He stays up late with Joey and Kelly, long after Briahna has been sent to bed, talking about Nick and his runner and how, man, it's only been three months but he's so god damn frustrated. Joey nods sagely, though thanks to Kelly he hasn't gone more than a couple of weeks without sex in fourteen years.
"So go get laid," Kelly says. She glances at Joey, who's pretty drunk by now, waving his beer bottle erratically through the air and smiling very vaguely; he's in no state to pick up the argument. "For you, that shouldn't be hard. What about Park Guy?"
"Park Guy," Joey says drunkenly. He glances at Kelly and smiles, because they have that semi-telepathic thing going on that some long-standing couples do. Lance and Nick always seemed to end up at cross-purposes when they tried that."The guy in the park. Park Guy."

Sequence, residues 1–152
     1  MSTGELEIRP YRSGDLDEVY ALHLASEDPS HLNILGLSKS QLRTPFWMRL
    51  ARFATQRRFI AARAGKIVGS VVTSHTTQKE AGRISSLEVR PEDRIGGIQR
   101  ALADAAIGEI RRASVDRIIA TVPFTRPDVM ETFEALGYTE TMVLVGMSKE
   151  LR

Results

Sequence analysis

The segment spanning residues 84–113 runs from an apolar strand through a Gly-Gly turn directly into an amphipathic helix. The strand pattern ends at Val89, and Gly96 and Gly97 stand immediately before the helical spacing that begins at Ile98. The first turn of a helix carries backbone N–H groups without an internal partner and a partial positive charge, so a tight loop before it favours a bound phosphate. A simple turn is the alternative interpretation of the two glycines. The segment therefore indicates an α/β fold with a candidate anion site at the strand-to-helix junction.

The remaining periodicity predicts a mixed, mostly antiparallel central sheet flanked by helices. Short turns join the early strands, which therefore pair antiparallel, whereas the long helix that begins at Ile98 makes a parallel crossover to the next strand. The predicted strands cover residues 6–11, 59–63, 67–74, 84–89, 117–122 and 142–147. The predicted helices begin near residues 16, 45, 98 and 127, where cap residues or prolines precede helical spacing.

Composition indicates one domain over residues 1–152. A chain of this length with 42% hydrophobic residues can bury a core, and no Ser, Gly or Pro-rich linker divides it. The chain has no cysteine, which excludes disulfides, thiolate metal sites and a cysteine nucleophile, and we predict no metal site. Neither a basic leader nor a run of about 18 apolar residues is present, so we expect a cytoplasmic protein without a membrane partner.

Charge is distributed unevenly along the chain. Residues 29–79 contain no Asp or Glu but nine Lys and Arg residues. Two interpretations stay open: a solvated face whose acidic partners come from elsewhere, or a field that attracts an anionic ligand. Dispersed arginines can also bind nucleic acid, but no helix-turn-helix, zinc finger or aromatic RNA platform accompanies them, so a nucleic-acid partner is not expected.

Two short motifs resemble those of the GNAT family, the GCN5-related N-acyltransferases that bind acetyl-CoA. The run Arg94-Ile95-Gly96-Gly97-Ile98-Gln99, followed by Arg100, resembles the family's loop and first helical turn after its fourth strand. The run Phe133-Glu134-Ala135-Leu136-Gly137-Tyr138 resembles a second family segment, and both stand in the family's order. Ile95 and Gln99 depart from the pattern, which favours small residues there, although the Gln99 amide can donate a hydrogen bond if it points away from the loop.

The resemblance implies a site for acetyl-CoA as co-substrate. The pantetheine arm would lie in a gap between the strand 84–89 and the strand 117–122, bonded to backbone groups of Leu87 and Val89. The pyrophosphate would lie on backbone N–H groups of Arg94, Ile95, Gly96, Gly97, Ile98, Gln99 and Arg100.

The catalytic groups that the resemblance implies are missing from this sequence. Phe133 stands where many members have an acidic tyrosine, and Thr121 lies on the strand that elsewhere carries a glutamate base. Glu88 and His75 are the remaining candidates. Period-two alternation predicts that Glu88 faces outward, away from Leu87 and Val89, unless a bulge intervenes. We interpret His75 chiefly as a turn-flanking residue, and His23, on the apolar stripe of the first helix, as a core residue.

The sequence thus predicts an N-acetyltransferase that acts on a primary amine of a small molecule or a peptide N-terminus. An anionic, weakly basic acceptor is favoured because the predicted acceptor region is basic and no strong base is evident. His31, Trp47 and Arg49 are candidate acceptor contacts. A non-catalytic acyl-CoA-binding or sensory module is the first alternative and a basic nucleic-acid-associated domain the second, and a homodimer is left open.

Kelly grins at Joey.
Now that he's finally caught on, it's pretty obvious that Park Guy is checking Lance out. Lance notices him the day before New Year, craning his neck around to look after they've passed each other, and again the following day. But he never does get around to saying hello.
According to the information Lance looked up on the internet, January is Oakland's wettest month, and the weather bears that out. Lance's raincoat and hat get a lot of use. Lance doesn't mind the wet weather at all, because on the wettest days he gets a great view of Park Guy's shirt plastered against those attractively chiselled abs. It's almost a disappointment when the weather starts to clear up later in the month.
Work gets so busy in January that Lance doesn't get the chance to work out for almost the whole month. When he finally gets back to the gym, he's so exhausted and so embarrassed after half an hour that he swears to himself he's going to make time for it at least twice a week. The resolution sticks, maybe because he's wondering if Park Guy only dates guys with bodies as fantastic as his own.